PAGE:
WildENFORCE – The CSIs Behind Illegal Wildlife Trafficking
What connects a wildlife pathologist, a wildlife nutritionist, a conservation biologist, an ecologist, a nuclear technologist, a forensic food biochemist and an expert in machine learning?
They are all Wildlife Crime Scene Investigators! They have a shared passion to help fight against illegal wildlife trade both in Australia and globally.
This team of scientists are the major collaborators behind the WildENFORCE project. This project has become the leading voice of wildlife crime forensics.
Illegal Wildlife Trade
Did you know one of the top four most lucrative criminal networks involve illegal wildlife trade?
Yup! The estimated worth of the illegal wildlife network is between $7 billion to $23 billion annually!
The breeding conditions of these exotic animals is very hard to determine. There are no tests to prove whether an animal has been bred in captivity or stolen from the wild. Therefore, many poachers have been able to hide their trails.
The Short-Beaked Echidna
Take the short-beaked Echidna, for example.
A shy-natured animal native to Australia, and also found in Papua New Guinea – it has become Australia’s most widespread native mammal.
However, captive-breeding of these mammals have proven to be difficult. Since 1990, only 50 of captive-bred echidnas survived. As a result, these echidnas have been the subject of illegal wildlife laundering.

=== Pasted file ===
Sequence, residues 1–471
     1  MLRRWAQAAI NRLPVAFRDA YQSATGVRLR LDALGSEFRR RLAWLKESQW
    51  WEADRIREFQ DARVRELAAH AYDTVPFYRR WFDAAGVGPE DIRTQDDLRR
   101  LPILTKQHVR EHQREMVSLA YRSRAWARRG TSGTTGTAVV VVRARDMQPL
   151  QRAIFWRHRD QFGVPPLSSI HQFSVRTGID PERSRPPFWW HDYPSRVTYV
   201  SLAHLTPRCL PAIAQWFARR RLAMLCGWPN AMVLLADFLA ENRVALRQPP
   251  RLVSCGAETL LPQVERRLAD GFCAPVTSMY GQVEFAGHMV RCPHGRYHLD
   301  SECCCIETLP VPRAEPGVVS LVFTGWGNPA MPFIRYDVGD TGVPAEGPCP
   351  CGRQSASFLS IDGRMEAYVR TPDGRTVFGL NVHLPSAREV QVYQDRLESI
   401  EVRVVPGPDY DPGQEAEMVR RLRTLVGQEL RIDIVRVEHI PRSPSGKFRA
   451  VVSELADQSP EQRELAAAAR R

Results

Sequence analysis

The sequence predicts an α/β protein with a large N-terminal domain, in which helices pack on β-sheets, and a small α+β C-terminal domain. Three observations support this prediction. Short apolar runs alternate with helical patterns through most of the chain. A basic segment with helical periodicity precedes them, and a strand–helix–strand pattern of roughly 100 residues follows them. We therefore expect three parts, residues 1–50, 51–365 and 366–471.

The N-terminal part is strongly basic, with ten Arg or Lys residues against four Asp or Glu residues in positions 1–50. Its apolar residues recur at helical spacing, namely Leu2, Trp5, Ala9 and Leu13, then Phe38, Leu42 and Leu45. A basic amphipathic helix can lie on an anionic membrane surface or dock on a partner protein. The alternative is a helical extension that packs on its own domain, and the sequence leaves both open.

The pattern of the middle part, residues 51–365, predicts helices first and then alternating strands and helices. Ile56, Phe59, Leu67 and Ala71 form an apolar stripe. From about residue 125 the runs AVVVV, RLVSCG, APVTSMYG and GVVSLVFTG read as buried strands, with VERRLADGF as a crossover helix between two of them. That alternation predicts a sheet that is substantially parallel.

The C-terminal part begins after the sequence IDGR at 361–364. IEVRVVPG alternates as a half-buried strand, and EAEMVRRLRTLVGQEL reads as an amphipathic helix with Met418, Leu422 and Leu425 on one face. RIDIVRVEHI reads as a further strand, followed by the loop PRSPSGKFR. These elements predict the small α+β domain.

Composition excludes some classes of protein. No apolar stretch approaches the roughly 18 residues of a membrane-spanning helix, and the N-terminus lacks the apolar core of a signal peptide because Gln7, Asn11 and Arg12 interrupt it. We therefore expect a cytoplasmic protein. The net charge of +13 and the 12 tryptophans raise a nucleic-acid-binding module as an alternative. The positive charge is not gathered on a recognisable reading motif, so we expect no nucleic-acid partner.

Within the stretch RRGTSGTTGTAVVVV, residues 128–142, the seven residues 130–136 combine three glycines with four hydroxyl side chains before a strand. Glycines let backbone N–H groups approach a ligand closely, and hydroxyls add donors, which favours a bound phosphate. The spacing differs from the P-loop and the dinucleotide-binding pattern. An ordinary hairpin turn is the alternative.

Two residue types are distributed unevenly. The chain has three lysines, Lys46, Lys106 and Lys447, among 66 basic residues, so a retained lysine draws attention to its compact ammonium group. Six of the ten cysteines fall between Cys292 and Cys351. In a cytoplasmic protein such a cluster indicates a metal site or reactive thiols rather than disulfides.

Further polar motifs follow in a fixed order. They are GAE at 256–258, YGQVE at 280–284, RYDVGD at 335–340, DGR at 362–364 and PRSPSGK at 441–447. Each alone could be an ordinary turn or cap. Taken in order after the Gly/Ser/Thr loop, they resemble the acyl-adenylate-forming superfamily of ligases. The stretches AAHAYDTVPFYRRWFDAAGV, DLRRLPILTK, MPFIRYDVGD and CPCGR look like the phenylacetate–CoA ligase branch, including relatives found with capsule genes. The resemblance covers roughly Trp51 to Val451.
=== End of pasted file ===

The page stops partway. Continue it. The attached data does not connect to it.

Traders have found a loop in the legislation. This has allowed false paperwork, which register many wild echidnas as captive-bred instead.
Due to the lack of regulations in this field, not much can be done to combat illegal wildlife trade.
Dr. Lydia Tong and WildENFORCE
For Dr. Lydia Tong, a Sydney-based wildlife pathologist, and her team – solving this difficult issue is their number one goal. They aim to develop new technologies which can help prove these animals are truly being illegally poached from the wild.
Using two scientific techniques – stable isotype analysis and X-ray nuclear fluorescence, they are able to determine under which conditions these animals were bred in.
This technology is able to identify different chemical components in keratin. Keratin is the structural protein found in feather, quills and fur of many animals.
Interestingly, the chemical components of keratin vary depending on the animal’s diet. So, hypothetically, a wild echidna which forages for food would have a different keratin make-up from a captive-bred echidna.
So, the WildENFORCE team decided to test this technology on the short-beaked echidnas. Surprisingly they were able to differentiate keratin compositions between wild and captive-bred animals!
Australia at the Forefront of Illegal Wildlife Trade
The WildENFORCE team’s discovery attracted widespread attention, especially from the UN’s Convention on International Trade in Endangered Species (CITES) team. This positioned Australia as a leading force in the war against wildlife criminals.
Dr. Tong and her team now aim to build a keratin reference library for many other endangered species such as the pangolin and shingleback lizards. They also hope to develop other tests which can be done on handheld devices. By doing so, they are hoping to limit illegal trafficking.
Fighting against these wildlife criminals is a big challenge going forward but protecting these living treasures would be worth it. By bringing awareness and educating people to the world of illegal wildlife trafficking, we can help crack down on these criminals.